In each trading day, billions of shares are being traded on stock exchanges around the world. With screens flickering at the tick of every price change, market participants actively buy and sell shares in a bid to make a profit. Traders would think about risks associated with macroeconomic and geopolitical news events that may change share prices in the short-term.
However, if you’re an investor with the resolve to ride out short to medium-term volatility, then you should be concerned about a different set of risks. A long-term investor who buys a company without doing sufficient due diligence is doing himself a huge disservice. The risk often neglected by most retail investors is the possibility of liquidation. A retail investor I once met told me “It’s a bull market, what are the chances of a big listed company going bankrupt? Just buy, save the need for analysis”. A bold assumption like this could be a costly and regretful one.
Well, if you haven’t already realized, there are well-established F&B and clothing stores with very beautiful decor and attractive people working in them that run on pre-tax profit margins as low as 5%. So a little bit more analysis, beyond what looks good on the outside is also recommended, especially when it’s your hard-earned money at stake.
But let’s just say that liquidation is an inherent risk in any share investment. In the unfortunate event of liquidation, WHO’S GOT YOUR MONEY?
*cue sombre music in background*
You, as a shareholder of common shares, will be paid LAST! Yes, to put it nicely, common shareholders have residual claim over the assets of the company during liquidation. To put it bluntly, if you’re a common shareholder, you’ll be left with the crumbs which wouldn’t be much in most cases. So who gets paid first?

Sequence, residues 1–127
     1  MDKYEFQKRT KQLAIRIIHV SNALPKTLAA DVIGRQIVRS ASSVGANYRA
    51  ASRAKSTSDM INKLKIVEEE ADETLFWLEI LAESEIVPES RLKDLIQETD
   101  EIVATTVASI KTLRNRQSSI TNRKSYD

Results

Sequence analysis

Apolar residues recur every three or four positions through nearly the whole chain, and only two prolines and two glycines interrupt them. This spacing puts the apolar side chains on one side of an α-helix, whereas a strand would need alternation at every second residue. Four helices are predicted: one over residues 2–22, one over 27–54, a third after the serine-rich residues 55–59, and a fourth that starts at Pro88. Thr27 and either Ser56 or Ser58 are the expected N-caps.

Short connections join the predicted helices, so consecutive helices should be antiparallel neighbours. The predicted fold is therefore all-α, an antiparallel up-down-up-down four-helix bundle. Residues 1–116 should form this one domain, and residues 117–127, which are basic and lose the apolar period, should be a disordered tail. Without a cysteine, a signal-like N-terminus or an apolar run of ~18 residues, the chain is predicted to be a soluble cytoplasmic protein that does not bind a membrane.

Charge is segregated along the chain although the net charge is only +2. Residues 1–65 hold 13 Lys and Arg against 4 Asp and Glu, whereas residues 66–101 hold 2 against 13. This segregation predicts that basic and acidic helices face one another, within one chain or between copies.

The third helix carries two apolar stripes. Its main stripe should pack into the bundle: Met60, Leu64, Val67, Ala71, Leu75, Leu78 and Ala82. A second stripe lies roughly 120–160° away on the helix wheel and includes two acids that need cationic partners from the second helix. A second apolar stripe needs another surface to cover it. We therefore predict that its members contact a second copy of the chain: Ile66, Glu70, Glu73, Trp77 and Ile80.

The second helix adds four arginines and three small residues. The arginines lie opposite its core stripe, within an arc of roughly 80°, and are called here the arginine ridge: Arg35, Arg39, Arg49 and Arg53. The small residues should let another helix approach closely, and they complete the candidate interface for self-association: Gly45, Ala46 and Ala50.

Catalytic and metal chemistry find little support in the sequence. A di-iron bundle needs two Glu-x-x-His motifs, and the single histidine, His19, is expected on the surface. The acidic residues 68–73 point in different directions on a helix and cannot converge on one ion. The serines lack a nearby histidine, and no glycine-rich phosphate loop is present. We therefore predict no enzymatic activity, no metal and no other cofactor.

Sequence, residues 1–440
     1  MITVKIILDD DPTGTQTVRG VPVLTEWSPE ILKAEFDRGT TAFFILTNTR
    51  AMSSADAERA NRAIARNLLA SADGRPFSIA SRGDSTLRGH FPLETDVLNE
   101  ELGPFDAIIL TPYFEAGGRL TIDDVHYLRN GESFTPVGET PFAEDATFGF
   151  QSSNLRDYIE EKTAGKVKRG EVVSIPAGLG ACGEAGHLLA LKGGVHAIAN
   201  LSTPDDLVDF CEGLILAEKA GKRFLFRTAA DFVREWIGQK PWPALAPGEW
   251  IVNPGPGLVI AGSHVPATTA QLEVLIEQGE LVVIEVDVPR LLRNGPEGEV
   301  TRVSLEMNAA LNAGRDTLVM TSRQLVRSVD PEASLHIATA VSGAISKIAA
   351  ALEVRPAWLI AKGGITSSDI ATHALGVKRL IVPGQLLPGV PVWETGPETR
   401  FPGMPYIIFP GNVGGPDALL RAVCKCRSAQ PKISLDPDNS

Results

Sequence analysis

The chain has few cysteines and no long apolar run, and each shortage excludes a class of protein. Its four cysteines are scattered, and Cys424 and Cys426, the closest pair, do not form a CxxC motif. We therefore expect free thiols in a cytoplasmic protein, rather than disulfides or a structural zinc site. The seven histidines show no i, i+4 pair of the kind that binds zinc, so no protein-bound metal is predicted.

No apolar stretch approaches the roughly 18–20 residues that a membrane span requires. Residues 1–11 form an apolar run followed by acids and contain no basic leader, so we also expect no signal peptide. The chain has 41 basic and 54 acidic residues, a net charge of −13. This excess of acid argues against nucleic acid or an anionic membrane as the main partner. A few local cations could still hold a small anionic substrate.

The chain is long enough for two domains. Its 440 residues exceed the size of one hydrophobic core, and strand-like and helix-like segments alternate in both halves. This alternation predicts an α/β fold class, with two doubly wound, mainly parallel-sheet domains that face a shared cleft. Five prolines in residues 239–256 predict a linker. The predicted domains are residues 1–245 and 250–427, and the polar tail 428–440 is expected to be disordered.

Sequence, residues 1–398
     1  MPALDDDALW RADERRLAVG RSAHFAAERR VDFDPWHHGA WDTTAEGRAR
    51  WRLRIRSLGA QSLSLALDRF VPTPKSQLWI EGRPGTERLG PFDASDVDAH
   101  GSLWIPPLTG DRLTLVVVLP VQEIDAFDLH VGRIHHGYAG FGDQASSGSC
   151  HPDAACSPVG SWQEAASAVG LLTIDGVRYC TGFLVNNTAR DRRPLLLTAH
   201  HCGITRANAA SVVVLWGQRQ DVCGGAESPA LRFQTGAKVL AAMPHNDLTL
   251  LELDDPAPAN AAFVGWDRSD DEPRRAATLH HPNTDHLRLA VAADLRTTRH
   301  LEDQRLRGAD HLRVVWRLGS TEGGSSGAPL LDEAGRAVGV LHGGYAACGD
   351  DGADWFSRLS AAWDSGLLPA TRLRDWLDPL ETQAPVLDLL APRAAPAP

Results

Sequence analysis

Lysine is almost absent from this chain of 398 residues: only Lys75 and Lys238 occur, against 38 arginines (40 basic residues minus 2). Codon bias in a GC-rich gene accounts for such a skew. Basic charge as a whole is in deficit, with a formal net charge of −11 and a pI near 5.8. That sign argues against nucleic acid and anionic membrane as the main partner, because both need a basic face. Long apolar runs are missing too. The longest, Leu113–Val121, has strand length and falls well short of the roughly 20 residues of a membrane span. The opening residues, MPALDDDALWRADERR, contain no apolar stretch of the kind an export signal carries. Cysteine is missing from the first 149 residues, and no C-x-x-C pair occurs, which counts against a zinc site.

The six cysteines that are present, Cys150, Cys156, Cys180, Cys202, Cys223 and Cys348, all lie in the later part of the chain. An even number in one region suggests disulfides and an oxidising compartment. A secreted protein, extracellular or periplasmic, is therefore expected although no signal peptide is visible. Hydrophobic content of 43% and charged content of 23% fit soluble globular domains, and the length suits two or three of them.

There is a hierarchy of claims during liquidation. Creditors, person(s) to which the company its financially obligated to, will have priority over the company’s assets first. Following after, preference shareholders will have priority claim over the assets. While preference shareholders do not have voting rights unlike common shareholders, they have dibs (keeping up with millennial lingo) on dividends declared as well as claims over assets before common shareholders.
And yes, finally we the common shareholders who’ve religiously attended every AGM and believed the beautiful growth story with absolute conviction will now have claims over the remaining assets, if any.
Keeping in mind that we will be THE LAST PERSON to get our money back if the company we invest in goes into liquidation, it is imperative that we carry out sufficient due diligence to mitigate the potential risk of buying a company has a high probability of defaulting on its financial obligations. (Hint: Anyone who at least analysed the debt-to-equity ratio of Lehman Brothers’ wouldn’t have bought it and held it to its imminent demise).
If you’re serious about stock valuation, a must read would be The Intelligent Investor by Benjamin Graham. Of course catch up on our previous company analyses articles as well!
There are a multitude of ways to analyse a company and we have written several articles which you can check out!
- CapitalistLAD Guide to Ratios: P/B Ratio (Part 1)
- CapitalistLAD Guide to Ratios: P/B Ratio (Part 2)
- CapitalistLAD Guide to Ratios: P/S Ratio
- Cigar Butt Investing Decoded
- Investing in Companies with Economic Moats can give you an Edge
- CapitalistLAD Guide to Share Dilution
- Invest using SWOT and Porter’s 5 Forces
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Till next week, have a good weekend!